Trustees approved a number of items as student-activists sat-in at their meeting.
Not on the schedule of speakers at yesterday’s Board of Trustees meeting, student-activists sat-in and addressed the university’s top-decision makers before the board approved a slew of actions recommended from its committees.
Members of Temple Community Against Mountaintop Removal, a student-activist group associated with Occupy Temple that seeks to end the practice of mountaintop removal coal mining, demonstrated before the board yesterday, March 12, for the second time. The group first surfaced when it protested at a public session meeting in October 2011.
Donning tape over their mouths, members of the group and of several other campus organizations, including Temple Democratic Socialists and Students for Justice in Palestine, stood in front of their seats in the Feinstein Lounge of Sullivan Hall silently as the meeting began. When President Ann Weaver Hart finished delivering a report about student leaders on campus, the group chimed in.
“Speaking of student leaders…as students, we feel we deserve a better manner for dialogue, engagement and decision-making with the administration. Until these manners are made available to us, it is our statement that we have no voice,” the activists chanted, following the lead of senior Latin American Studies major Ethan Jury.
The board did not verbally reply or recognize the student-activists or their claims, but continued its agenda following the brief action.
Ray Betzner, assistant vice president of university communications, said the administration has met with the activist group, citing meetings between TCAMR members and Dean of Students Dr. Stephanie Ives and Associate University Counsel Valerie Harrison. The members also met with Hart and Patrick J. O’Connor, chairman of the board, after the October 2011 public session.
“The protesters asked for a dialogue with the university, and they have been having a dialogue with the university,” Betzner said. “We will continue that dialogue.”
Following the verbal action by the activists, O’Connor led the board in quick unanimous approvals of recommendations from committees.
The board approved the appointment of Dennis Alter and Edward Rudolph as state-appointed voting trustees.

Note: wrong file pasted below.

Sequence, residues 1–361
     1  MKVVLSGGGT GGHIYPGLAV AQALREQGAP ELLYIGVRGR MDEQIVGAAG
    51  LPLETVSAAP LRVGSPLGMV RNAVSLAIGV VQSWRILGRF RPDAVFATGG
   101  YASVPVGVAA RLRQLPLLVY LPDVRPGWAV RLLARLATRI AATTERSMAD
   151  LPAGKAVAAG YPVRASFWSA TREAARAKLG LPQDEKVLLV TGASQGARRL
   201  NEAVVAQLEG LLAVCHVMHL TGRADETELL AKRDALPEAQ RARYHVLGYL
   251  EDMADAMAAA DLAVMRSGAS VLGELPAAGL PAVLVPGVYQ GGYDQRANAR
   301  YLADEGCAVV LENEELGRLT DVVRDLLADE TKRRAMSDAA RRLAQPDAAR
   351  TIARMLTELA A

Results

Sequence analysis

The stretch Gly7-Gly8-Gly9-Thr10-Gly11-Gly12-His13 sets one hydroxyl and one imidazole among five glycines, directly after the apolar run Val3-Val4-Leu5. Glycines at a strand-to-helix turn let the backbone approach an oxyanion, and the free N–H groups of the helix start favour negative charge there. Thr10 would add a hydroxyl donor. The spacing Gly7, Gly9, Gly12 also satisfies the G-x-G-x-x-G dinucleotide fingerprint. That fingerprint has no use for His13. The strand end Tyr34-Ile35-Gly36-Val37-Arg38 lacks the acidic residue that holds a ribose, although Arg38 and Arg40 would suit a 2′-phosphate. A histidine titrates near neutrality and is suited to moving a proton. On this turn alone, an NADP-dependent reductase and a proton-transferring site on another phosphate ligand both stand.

Recommended by the facilities committee, the board approved a number of construction actions, including the $17.5 million design of the new library on Broad Street proposed in Temple’s 20/20 plan. The board also approved an increase of $37 million for the construction of the science education research center, which will total $137 million.
Finishing renovations of Pearson and McGongigle halls were also granted an increase of more than $1.5 million – a project with a cost of more than $59.8 million.
A 4.5 percent across-the-board increase in university housing rates for 2012-13 was approved, as recommended by the student affairs committee. The increase ranges from $288 for Johnson and Hardwick and Peabody residence halls, to $378 for Triangle Apartments.
When O’Connor adjourned the meeting, board members were invited to meet with student representatives at Pearson and McGonigle.
As trustees and administrators shuffled out of the lounge, the group of activists once again addressed the room.
“The way the administration functions…these open sessions, they’ve already decided on everything,” Jury said after the meeting. “We want to have a voice in the way that this university functions.”
Trustee Emeritus Edward H. Rosen, who said he was an invited guest at the meeting, met with members of TCAMR following its close to listen to their concerns.
“It was out of curiosity that I went back and talked to these young people, and they explained their position and I’m going to try to find out more about it,” Rosen said. “I admit that I’m not knowledgeable [on their cause], but I will be.”